how much would prices for online purchases come down if they were transacted for cash or equivalent?

this is inspired by a neighboring thread about credit card info theft as well as by my personal interest in the problem (or maybe lack of the problem - not sure as to the SD of the matter) of credit card chargebacks.

Ok, so suppose Orinoco LTD decides to go into the online retailing business, but they only accept mailed money orders and money transfers using systems that don’t allow reversal of payment regardless of fraud allegations. So no more worries about chargebacks and no more paying the credit card companies transaction fees that will end up being spent on writing off credit card fraud of other types.

How much of a saving would that be for Orinoco on typical classes of transactions?

(To be clear, the thread title is inspired by the assumption that of course Orinoco will pass the savings on to the customer. No doubts about that :wink: )

I would guess whatever savings will be eaten up by the greater handling overhead and the loss of sales to people, used to instant gratification of credit card purchases online, unwilling to wait for the mail to arrive. (Edit: not to mention, the loss of sales to people worried about being defrauded without recourse!) Furthermore, I’d guess that their costs would actually end up being higher total. Which is why most online businesses accept credit cards.

The exception would be if Orinoco is remarkably small scale. Even then, they’ll probably make more money if they accept Paypal.

I can’t imagine how this plan would save money.

While we’re not a payment processor, our experience might be relevant. My company makes most of its money through downloadable software. There’s no physical product, so it’s nearly impossible for us to win disputes, but nonetheless fraud is so miniscule as to be practically insignificant. Even if 100% fraud free, the staff required to open and manually process paper payments would far, far outweigh our fraud losses. The costs of handling physical mail are very significant, far more so than I would guess credit card chargebacks to be.

Even if you had an elaborate (and expensive) system to scan and track payments, check for fake money orders, and enter orders with minimal human interaction, the costs would be staggering. Think of all the equipment you’d need, the people to maintain that equipment, and handling all of the exceptions and support needed to maintain such a system (people to manually handle text that doesn’t scan, customer service inquiries sent with items intended for the companies people are buying from, customer service contacts from the field about where their order is and why their money order hasn’t credited, facilities for all of this stuff, warehouses to handle and sort all of this mail, etc).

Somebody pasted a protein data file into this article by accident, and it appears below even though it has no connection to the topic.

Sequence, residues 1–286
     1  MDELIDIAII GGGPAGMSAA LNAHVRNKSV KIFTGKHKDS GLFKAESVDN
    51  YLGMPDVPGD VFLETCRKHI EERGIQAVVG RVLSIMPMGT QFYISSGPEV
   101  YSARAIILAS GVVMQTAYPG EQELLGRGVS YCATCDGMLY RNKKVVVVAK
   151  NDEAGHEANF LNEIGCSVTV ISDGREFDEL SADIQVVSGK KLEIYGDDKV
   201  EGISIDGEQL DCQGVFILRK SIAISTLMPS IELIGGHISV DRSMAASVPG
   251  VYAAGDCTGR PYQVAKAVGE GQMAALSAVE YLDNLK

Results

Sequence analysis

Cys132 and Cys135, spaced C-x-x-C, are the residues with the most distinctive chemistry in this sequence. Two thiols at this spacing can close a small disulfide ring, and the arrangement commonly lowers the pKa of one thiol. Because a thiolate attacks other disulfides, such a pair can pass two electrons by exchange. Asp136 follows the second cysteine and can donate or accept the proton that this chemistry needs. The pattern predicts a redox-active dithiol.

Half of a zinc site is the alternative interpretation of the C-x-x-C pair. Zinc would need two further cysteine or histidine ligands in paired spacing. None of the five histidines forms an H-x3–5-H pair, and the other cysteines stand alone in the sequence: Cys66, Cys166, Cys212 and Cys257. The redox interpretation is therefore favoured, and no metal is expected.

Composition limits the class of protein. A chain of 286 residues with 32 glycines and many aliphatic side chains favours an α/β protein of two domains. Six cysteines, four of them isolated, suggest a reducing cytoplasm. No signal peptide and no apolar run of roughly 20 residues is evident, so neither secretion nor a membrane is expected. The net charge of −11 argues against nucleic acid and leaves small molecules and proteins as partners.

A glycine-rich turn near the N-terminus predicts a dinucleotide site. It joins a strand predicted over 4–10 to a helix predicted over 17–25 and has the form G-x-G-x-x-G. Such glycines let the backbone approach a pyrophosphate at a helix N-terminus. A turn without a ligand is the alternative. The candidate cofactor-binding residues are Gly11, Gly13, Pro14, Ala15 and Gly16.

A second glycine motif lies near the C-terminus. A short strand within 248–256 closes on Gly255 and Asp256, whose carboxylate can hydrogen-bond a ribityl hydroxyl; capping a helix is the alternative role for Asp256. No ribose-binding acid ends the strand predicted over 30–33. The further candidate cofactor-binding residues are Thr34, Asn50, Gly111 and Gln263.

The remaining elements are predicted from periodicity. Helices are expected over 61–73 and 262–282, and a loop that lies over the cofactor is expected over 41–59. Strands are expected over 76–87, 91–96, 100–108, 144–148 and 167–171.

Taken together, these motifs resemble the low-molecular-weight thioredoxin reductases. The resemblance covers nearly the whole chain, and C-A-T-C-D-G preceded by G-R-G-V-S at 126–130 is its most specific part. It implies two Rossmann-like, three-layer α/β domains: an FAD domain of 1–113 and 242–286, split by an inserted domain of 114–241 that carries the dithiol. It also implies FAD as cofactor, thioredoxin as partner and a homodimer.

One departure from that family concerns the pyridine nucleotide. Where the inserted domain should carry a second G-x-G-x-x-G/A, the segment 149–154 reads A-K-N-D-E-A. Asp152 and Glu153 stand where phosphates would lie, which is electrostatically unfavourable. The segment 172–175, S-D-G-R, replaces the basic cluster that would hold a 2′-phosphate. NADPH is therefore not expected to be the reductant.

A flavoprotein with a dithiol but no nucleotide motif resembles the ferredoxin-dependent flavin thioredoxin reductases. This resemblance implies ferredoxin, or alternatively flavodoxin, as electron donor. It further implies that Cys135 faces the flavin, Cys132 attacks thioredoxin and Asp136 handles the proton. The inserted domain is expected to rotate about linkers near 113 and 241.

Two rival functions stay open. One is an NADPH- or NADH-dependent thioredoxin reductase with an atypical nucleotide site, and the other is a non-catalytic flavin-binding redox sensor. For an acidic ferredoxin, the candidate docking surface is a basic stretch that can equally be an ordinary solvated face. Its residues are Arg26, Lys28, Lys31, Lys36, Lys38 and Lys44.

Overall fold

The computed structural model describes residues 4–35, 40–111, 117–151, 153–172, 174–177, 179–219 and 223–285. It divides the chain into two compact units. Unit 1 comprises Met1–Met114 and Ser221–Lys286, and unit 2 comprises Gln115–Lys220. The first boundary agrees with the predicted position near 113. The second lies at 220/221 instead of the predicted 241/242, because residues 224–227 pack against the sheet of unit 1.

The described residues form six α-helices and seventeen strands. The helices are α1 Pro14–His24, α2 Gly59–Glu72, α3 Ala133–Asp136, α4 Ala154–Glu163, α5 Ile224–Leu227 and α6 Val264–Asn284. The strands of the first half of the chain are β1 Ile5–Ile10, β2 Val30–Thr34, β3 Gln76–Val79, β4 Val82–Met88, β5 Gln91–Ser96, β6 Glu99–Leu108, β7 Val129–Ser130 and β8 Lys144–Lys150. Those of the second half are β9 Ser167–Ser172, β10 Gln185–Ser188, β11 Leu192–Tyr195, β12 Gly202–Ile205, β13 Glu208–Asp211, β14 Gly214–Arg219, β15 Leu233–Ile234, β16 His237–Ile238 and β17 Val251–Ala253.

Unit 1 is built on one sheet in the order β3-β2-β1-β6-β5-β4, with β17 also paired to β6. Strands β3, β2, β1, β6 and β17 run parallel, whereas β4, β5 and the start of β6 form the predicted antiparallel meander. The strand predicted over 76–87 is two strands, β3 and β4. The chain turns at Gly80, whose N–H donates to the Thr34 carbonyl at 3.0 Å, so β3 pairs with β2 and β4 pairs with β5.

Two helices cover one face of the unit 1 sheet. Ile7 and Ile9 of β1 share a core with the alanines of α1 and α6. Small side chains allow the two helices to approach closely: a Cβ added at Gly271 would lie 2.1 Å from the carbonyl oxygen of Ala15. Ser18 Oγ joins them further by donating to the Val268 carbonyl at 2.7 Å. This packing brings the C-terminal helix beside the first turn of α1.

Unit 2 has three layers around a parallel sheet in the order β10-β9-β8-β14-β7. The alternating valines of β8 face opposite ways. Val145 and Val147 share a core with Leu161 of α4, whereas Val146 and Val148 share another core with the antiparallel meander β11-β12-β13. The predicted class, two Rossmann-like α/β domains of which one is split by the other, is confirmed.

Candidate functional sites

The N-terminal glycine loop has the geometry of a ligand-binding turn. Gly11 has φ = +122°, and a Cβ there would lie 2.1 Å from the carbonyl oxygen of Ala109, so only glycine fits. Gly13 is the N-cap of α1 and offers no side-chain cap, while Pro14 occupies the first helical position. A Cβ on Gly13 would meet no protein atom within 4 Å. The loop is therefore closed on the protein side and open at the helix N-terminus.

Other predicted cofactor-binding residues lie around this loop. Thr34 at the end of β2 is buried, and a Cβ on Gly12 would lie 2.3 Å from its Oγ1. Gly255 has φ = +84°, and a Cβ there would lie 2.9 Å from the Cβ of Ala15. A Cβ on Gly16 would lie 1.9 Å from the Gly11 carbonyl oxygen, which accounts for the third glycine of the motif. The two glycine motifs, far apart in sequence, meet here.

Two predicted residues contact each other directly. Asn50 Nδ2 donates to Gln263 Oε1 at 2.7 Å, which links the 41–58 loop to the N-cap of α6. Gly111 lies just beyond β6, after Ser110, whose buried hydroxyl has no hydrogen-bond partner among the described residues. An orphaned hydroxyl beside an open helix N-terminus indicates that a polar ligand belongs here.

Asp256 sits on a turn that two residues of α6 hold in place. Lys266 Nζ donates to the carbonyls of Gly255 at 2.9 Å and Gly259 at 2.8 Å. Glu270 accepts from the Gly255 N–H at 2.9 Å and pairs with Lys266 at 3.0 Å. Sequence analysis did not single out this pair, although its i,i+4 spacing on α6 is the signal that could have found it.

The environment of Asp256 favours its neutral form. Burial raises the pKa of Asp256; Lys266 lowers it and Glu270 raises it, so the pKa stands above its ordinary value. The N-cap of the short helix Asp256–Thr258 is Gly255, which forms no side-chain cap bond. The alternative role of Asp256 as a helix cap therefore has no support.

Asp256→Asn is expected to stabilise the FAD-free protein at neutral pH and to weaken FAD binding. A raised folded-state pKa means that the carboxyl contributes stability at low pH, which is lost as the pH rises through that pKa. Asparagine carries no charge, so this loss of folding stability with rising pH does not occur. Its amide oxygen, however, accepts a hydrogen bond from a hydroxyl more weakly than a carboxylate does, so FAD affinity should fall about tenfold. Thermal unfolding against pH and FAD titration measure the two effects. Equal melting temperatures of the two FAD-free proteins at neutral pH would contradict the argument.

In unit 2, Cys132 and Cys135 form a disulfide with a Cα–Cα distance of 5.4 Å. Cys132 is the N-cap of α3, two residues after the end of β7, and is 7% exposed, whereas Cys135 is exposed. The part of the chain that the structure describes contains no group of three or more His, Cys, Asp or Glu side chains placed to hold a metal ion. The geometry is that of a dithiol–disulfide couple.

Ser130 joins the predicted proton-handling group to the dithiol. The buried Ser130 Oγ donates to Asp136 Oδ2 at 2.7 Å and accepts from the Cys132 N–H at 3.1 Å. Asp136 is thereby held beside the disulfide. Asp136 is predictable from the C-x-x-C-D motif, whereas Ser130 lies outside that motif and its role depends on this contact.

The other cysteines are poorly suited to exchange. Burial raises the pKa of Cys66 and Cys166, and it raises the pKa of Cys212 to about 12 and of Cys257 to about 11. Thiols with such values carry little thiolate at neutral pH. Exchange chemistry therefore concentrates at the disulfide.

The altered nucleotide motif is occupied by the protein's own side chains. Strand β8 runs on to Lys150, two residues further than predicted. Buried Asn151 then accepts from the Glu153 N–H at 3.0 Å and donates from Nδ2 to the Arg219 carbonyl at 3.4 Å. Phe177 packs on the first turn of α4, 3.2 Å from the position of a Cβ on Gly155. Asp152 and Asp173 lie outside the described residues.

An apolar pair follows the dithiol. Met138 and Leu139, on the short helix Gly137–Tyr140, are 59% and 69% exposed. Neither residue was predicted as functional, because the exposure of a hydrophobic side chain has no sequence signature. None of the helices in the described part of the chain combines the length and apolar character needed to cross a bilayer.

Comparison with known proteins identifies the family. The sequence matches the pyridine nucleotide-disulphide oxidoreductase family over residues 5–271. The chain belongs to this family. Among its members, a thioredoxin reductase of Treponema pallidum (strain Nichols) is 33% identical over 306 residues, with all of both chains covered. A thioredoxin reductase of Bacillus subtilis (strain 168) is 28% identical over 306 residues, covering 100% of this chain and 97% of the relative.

Other methods of electronic payment (e.g. wire transfers) are also not inexpensive. I would guess that if money orders were going to save big companies money, Amazon and the like would already be doing this. Not to mention that customers have to pay for money orders and mailing, but they don’t pay any such fees for credit cards. It’s all just more overhead.

Credit card fees range anywhere from 0.5% to 5.0% per transaction depending on the bank you use, how long you’ve been in business, the level of protection you purchase and your history of chargebacks.

So as a very rough guess, simply take the transactions of a merchant and subtract off 5% and assume that money would be passed on to the customer. That would be the maximum the customer would save.

As I said, that’s just a very rough guess, as prices have all sorts of things built into the cost.

The bottom line is that online retailers (and almost every brick and mortar store) accept credit card payments because the loss due to chargebacks are outweighed by the increased business the retailer receives because it provides a service that attracts more customers.

For example:

Online retailer #1: No credit cards. Takes three weeks to process. Price for your item: $43.11

Online retailer #2: Takes credit cards. Your item will be there this week. Price: $44.73

Who do you buy from?

could you please clarify what the merchant gets for that maximum fee of 5%? I always thought that chargebacks are borne by the merchant. So does it work out to first paying 5% on every transaction to card processor and then writing off whatever chargebacks (aka fraud) as a cost of doing business? If so, why does the card processor even care about setting your transaction fee based on frequency of chargebacks?

Or is the 5% fee paid for a service that insures the merchant against chargebacks?